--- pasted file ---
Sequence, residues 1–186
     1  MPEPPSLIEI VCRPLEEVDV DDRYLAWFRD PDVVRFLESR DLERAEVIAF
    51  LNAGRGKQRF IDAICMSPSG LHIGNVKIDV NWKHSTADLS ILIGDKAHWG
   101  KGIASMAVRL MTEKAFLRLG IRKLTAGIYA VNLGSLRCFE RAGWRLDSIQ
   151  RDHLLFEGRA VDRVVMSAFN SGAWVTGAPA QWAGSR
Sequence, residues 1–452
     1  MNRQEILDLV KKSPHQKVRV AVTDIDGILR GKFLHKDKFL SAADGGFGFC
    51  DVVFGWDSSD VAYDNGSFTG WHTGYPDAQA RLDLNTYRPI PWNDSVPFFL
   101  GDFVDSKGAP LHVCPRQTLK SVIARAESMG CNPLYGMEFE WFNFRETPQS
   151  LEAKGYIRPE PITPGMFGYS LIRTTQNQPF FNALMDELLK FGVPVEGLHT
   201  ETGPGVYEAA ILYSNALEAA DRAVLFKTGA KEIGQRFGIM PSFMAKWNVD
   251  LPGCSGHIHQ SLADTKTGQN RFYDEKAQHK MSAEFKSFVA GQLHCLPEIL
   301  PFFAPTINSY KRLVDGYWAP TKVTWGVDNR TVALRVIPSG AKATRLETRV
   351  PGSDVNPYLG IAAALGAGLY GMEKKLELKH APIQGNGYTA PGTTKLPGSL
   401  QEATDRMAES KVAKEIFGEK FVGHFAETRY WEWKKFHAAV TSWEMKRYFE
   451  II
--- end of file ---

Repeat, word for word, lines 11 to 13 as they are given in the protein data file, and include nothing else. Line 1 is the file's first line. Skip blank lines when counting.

   201  ETGPGVYEAA ILYSNALEAA DRAVLFKTGA KEIGQRFGIM PSFMAKWNVD
   251  LPGCSGHIHQ SLADTKTGQN RFYDEKAQHK MSAEFKSFVA GQLHCLPEIL
   301  PFFAPTINSY KRLVDGYWAP TKVTWGVDNR TVALRVIPSG AKATRLETRV